• Chara Georgiades, Senior Data Analyst, inspiratia
The Nordics continue to show huge potential for onshore wind, boasting impressive resources and declining capex costs. This has driven deal volumes to historic highs, with corporate and industrial offtakers making up for the market’s loss of subsidies. The Nordics are already home to the world’s longest and largest corporate wind energy PPAs, but with several larger developments set to be financed, the region looks set to break its own records in 2019.
Corporate PPAs have proven to be critical revenue stabilisation mechanisms in the rollout of new renewable energy capacity in a post-subsidy world. The next step will be to open up the market to smaller offtakers with lower credit ratings via aggregation structures, while some investors will seek out deals with merchant elements in a bid to eke out higher returns.
Luca Pedretti, COO & Co-founder, Pexapark
• Isabel García, Chief Sales and Energy Solutions Officer Engie Spain, Engie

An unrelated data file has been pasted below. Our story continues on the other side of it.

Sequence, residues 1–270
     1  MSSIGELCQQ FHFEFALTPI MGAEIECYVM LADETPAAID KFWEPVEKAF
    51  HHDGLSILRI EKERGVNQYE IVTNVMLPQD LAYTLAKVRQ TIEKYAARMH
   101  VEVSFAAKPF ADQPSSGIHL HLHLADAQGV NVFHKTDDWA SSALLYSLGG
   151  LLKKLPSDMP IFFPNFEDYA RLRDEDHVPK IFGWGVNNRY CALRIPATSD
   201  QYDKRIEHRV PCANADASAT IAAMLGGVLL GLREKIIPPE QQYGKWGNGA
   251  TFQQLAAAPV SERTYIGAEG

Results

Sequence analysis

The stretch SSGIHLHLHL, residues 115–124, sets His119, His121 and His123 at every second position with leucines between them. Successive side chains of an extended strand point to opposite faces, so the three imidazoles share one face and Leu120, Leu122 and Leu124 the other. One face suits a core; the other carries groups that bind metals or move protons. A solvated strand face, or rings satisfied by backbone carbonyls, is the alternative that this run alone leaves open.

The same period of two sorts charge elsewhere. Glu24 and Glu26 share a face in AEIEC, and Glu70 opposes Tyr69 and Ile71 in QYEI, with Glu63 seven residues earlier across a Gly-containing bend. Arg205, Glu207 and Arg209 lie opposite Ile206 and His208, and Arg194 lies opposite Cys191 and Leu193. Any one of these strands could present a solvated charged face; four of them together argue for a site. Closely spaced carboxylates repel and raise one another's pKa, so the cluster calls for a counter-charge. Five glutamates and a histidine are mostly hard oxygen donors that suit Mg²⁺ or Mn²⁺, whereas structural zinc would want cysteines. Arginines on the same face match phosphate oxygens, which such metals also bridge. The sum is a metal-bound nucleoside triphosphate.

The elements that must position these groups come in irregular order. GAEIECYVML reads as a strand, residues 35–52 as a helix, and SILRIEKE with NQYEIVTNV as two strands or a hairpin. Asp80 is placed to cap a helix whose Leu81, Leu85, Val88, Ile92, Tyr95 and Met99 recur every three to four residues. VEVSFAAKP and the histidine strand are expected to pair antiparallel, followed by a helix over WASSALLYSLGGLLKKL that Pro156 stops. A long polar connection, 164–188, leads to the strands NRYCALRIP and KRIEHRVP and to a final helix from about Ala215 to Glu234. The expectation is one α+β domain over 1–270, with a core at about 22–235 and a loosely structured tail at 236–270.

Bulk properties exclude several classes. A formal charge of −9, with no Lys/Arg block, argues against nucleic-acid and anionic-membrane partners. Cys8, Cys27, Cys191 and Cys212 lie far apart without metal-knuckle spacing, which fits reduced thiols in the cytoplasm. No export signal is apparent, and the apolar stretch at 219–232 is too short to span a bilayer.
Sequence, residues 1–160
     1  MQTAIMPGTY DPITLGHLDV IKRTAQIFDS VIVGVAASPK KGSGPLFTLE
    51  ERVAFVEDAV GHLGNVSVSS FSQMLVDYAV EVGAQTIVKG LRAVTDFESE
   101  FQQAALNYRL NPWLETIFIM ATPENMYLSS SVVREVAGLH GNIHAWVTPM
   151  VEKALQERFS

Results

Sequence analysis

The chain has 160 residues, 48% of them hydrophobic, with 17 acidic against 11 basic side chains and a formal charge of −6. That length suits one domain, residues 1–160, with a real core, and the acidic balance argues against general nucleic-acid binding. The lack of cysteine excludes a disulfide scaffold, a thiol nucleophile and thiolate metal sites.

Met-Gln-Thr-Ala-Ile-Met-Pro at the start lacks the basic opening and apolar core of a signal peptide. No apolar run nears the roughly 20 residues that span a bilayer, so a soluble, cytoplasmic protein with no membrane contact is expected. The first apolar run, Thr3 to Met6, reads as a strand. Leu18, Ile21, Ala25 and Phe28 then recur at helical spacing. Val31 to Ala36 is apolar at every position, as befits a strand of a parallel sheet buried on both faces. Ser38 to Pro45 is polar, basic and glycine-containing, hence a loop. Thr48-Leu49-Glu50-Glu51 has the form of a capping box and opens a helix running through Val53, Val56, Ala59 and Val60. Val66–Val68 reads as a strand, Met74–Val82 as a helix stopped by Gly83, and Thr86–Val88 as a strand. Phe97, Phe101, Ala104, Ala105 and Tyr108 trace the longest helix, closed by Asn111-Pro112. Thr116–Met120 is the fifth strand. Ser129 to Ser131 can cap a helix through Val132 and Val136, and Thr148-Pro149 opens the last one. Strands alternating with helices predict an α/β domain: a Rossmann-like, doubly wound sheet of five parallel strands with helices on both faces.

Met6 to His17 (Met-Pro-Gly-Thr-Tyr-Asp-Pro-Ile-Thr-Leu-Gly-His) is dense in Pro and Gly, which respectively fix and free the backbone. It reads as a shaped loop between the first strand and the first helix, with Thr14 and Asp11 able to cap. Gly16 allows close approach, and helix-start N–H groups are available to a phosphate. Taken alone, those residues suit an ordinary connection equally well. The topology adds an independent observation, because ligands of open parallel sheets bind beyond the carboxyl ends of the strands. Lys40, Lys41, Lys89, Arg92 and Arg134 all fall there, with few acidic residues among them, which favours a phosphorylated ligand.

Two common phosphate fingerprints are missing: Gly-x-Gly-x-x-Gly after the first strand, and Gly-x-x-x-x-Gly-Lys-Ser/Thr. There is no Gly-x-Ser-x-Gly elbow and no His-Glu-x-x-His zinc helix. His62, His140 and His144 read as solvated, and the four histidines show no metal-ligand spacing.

• François Belair, Group Energy Buyer, Lactalis Group
Spain and Italy represent the bedrock of Europe’s subsidy-free markets with multiple gigawatts of capacity financed in 2018, and expectations of a similar scale to come in 2019. The dynamics are somewhat different to the Nordics, with fewer corporate offtakers but a greater role for utilities and traders – while certain projects are being structured on a pure merchant basis.
Matt Brown, Energy Vice President, Western Europe, Middle East and Americas, Pöyry Management Consulting
Gigawatts of new subsidy-free projects will require billions of euros of capital. With PPA counterparties limited, investors and banks will increasingly be exposed to merchant risk, with new structures likely to emerge to shield them from market volatility.